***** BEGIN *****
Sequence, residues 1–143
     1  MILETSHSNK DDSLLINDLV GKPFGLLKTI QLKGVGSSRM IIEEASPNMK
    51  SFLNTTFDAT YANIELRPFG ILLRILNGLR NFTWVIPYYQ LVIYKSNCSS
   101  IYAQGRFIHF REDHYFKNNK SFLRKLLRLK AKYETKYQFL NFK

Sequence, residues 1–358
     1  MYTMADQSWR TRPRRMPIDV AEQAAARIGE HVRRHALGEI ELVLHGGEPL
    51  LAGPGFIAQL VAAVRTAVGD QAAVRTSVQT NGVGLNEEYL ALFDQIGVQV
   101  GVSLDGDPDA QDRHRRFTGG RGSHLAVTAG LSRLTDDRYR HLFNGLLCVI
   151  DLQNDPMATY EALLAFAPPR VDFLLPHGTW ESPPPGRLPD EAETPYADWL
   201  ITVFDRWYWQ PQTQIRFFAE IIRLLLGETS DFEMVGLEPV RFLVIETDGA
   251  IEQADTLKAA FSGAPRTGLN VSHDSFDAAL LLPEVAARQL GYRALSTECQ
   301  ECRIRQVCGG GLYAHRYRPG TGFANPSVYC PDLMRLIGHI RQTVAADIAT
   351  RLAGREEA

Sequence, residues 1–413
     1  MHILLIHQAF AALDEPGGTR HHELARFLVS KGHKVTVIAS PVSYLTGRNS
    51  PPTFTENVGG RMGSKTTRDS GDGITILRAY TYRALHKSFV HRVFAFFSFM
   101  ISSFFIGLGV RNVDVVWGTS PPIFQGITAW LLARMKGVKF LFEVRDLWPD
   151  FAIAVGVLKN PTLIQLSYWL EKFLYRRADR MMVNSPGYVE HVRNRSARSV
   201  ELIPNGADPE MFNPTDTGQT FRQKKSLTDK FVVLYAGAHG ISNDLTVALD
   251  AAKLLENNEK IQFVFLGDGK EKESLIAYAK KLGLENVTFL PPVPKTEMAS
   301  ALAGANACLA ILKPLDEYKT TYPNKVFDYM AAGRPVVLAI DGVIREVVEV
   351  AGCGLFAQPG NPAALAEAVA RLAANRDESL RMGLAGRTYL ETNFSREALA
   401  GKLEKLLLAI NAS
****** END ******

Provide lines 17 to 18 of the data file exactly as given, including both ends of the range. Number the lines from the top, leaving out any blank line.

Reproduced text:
   101  ISSFFIGLGV RNVDVVWGTS PPIFQGITAW LLARMKGVKF LFEVRDLWPD
   151  FAIAVGVLKN PTLIQLSYWL EKFLYRRADR MMVNSPGYVE HVRNRSARSV